Also, as taxpayers, many Franco Ontarians think they pay way too much in taxes for services that they got in a monopoly whatever in health, education, electricity, car insurance and public transit. Also, the debt question is also a pressing question for many Ontarians whatever the origin or the language that they are using.

The other problem with this report is that any person who follows Ontario fiscal situation closely knows that tough choices will have to be made in the next months and years. It’s not anymore a matter of if, but when. But, again, every Ontarian will have to do their fair part of sacrifice, whatever their language and making a report that French language services in the current situation could lead to slippery slope which goes exactly against what libertarism is about. Yes, if every sector is cut in the Ontario government is cutted by 5 or 10%, the budget dedicated to French language services will have to be reducted like in every service review. This is perfectly normal as a sacrifice and this especially that every Ontarian taxpayers (whatever francophone or not) want a government which do more with less combined with a state which is living within their means for a sustainable for future generations of Ontarians. Please not also that I am at 100% for school choice and school vouchers, but I believe that this policy should applied to EVERY Ontarian to ensure that they choose the school of their choice in their community whatever a francophone catholic school or a English-French-Chinese trilingual school which is non-religious.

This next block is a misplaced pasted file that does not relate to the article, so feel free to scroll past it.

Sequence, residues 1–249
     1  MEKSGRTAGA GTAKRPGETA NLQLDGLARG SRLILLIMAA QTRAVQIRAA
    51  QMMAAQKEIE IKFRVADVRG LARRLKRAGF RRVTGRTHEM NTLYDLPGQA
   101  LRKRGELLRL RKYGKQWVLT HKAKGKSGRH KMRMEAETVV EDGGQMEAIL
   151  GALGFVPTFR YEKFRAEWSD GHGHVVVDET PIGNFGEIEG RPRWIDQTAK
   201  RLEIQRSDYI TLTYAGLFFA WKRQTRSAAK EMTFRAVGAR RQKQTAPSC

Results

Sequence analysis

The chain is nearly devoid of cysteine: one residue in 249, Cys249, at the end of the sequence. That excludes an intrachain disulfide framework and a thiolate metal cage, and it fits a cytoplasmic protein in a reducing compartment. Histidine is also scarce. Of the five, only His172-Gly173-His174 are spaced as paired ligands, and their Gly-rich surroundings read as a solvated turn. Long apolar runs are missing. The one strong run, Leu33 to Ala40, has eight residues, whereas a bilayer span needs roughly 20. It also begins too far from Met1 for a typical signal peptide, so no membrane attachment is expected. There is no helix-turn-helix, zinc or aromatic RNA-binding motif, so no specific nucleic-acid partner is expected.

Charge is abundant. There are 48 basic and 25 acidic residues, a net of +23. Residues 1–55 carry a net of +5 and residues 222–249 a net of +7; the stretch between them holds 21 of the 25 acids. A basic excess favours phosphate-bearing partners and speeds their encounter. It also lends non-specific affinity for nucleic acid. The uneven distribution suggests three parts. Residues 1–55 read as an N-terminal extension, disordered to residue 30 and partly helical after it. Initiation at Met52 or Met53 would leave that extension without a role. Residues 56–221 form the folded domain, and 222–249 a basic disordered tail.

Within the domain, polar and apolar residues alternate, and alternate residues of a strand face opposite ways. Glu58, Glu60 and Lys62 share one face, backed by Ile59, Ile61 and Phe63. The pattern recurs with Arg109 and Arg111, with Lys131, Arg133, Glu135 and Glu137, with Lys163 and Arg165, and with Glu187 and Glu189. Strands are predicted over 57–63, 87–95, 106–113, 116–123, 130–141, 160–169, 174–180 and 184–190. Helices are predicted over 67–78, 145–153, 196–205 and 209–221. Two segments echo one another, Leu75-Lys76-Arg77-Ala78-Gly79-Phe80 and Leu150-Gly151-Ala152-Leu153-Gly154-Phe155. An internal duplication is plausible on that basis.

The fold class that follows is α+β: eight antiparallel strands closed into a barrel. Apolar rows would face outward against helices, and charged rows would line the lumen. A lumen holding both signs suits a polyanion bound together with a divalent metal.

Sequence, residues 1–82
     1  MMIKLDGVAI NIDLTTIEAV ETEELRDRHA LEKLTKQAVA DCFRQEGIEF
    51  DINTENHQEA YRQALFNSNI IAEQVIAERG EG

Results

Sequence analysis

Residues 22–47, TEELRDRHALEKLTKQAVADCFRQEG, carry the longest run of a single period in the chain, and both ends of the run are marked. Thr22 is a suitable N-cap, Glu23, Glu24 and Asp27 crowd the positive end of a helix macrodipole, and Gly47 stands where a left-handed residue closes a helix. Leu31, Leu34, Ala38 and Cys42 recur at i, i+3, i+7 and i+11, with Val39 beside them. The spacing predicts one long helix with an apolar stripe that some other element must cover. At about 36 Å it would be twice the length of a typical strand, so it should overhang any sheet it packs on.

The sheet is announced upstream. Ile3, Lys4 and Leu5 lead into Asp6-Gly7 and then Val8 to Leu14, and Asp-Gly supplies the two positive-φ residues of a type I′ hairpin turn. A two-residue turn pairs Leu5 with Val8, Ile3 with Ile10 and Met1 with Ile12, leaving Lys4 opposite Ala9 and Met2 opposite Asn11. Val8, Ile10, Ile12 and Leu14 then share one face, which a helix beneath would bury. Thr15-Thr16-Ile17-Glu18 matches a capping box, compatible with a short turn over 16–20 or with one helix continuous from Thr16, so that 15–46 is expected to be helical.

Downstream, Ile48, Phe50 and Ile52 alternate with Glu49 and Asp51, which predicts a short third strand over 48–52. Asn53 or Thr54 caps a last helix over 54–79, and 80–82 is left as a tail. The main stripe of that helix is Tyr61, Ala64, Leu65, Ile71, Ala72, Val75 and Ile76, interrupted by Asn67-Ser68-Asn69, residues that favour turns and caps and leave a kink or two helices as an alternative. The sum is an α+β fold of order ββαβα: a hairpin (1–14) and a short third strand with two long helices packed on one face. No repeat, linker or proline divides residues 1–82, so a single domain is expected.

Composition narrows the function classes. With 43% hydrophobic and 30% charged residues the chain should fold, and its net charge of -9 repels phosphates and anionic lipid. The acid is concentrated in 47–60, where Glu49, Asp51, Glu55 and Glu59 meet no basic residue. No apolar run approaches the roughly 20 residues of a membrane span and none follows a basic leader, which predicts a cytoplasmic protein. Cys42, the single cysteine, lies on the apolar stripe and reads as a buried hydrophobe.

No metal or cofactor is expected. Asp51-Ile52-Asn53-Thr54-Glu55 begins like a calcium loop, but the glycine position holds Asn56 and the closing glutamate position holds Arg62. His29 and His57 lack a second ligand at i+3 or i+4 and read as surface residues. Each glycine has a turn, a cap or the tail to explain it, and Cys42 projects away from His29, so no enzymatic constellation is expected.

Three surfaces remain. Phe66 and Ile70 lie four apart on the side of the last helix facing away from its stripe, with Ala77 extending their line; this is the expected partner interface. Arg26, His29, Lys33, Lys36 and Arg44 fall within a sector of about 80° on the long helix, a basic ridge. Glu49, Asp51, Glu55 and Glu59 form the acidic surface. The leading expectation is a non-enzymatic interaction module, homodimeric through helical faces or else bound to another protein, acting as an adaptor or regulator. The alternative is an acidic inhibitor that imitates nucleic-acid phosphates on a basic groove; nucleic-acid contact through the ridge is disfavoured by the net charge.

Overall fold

One factor also which is important to consider is that the francophone community is really much dispersed in Ontario with some places having a very density of Francophones who are using French as their language of everyday life for decades or even since the creation of the province in some cases. This is not like the situation in New Brunswick, PEI or Manitoba. In this element, one could compare the situation of francophones in Ontario with the Swedish speakers in Finland.